Nobody should be surprised that jury trial has undergone great
changes over the last two centuries. It desperately needed reform.
The level of safeguard against mistaken conviction was in several
respects below what civilized peoples now require. What we will not
understand until there has been research directed to the question
is why the pressure for greater safeguard led in the Anglo-American
procedure to the law of evidence and the lawyerization of the trial,
reforms that ultimately destroyed the system in the sense that they
made jury trial so complicated and time-consuming that they rendered it unworkable as the routine dispositive procedure. 2' Similar
pressures for safeguard were being felt on the Continent in the same
period, but they led to reforms in nonadversarial procedure that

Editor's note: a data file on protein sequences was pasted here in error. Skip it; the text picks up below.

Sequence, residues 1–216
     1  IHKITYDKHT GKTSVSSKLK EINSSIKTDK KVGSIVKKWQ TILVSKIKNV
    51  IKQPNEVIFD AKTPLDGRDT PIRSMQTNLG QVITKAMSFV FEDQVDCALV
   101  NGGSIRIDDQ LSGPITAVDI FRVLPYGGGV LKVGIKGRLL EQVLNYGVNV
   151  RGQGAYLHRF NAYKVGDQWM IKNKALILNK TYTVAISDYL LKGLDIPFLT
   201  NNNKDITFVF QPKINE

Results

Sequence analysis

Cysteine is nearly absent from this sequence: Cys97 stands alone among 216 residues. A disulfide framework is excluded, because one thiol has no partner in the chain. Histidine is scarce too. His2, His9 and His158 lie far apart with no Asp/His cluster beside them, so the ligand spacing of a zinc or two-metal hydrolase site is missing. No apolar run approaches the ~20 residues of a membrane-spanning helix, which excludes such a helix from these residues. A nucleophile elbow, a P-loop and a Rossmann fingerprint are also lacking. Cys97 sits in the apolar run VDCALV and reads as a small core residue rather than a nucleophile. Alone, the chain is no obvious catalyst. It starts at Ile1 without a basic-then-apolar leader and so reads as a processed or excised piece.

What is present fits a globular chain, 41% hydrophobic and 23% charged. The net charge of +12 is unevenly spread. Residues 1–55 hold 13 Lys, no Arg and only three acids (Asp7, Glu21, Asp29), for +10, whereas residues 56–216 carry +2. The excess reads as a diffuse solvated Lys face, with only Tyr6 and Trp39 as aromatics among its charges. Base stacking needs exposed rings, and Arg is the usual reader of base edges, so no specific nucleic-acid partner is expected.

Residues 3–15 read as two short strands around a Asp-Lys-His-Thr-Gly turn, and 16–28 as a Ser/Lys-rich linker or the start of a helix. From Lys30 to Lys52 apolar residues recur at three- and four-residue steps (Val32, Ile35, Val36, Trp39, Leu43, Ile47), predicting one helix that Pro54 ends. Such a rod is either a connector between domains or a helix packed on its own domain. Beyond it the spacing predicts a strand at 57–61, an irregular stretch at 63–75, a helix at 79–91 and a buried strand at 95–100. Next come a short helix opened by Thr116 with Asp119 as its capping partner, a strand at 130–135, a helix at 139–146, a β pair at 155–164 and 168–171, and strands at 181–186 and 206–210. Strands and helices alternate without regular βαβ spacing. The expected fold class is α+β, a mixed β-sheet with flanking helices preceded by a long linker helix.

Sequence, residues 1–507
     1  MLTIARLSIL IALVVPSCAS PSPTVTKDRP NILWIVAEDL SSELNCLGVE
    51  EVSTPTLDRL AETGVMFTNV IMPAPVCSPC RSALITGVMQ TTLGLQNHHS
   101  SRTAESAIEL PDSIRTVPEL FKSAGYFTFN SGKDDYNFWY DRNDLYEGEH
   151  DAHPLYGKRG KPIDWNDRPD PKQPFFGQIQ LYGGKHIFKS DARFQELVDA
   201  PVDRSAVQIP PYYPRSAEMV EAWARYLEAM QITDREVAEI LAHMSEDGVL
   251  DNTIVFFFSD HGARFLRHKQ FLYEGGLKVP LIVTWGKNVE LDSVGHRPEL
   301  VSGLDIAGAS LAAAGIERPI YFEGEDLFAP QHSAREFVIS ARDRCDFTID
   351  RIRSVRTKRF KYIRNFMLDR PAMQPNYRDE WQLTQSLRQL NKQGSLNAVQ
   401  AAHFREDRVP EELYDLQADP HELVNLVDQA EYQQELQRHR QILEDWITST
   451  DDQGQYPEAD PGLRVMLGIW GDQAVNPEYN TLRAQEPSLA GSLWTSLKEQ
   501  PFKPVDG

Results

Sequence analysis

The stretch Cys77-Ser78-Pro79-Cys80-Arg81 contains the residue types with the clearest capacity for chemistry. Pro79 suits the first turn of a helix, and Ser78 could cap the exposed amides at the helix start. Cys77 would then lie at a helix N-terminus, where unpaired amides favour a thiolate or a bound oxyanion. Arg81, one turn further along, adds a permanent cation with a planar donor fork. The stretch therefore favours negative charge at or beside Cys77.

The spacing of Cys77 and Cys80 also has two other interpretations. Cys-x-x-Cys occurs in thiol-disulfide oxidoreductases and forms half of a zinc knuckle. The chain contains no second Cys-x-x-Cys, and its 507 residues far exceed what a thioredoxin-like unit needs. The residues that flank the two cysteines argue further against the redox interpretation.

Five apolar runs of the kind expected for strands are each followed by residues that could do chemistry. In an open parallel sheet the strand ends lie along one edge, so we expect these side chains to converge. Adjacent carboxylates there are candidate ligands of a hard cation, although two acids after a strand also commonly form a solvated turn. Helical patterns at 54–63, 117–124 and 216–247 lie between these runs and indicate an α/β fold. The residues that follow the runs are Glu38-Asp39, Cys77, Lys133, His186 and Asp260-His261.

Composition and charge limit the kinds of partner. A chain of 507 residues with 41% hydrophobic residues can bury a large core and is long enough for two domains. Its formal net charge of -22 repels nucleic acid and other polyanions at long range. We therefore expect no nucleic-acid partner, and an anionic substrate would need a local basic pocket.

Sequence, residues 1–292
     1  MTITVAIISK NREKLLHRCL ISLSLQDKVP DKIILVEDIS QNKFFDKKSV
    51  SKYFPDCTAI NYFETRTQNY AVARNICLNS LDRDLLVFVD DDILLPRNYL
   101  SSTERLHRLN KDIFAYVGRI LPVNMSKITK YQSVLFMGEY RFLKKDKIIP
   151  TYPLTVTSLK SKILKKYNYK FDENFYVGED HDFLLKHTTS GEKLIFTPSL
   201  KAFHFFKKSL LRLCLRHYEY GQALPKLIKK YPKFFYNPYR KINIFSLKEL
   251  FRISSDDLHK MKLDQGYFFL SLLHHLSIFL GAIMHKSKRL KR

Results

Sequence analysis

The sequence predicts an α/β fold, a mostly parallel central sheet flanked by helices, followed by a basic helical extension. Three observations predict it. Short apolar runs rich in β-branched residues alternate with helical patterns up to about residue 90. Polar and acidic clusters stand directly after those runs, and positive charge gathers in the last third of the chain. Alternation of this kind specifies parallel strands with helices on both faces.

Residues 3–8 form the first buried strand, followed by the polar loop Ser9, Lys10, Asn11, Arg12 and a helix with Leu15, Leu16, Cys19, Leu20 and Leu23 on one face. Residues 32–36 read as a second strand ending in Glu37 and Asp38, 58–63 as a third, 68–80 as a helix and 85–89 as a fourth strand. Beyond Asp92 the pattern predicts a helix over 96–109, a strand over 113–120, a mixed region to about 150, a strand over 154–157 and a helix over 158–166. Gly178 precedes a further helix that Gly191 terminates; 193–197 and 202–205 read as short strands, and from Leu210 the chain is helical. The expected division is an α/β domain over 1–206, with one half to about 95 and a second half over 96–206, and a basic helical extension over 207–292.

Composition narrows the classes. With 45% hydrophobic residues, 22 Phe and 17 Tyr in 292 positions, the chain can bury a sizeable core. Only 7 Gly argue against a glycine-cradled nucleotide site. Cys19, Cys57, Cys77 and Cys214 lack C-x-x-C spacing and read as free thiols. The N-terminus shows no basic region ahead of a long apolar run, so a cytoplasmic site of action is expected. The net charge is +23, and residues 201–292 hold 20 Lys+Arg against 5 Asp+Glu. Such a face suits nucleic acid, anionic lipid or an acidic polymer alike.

preserved the institution of trial.
the Right to Counsel DuringPolice Interrogation,73 YALE L.J. 1000, 1055-57 (1964).
" The latter portion of this paragraph is derived from Langbein, ControllingProsecutorial Discretion in Germany, 41 U. Cm.L. REv. 439, 445-46 (1974).
21 In isolating the transformation of jury trial as the root cause of plea bargaining, we do
not mean to imply that this procedural development is the sole cause of a practice so complex.
When the history of plea bargaining is ultimately written, there will certainly be other chap-
ters. In particular, it will be necessary to investigate the influence of the rise of professional
policing and prosecution and the accompanying changes in the levels of crime reporting and
detection; changes in the social composition of victim and offender groups; changes in the
rates and types of crime; and the intellectual influence of the marketplace model in an age
when laissez faire was not an epithet. However, these other phenomena were largely experienced in Continental countries that did not turn to plea bargaining. Anyone looking beyond
the uniquely Anglo-American procedural development that we have emphasized needs to
explain why plea bargaining has characterized lands with such disparate social composition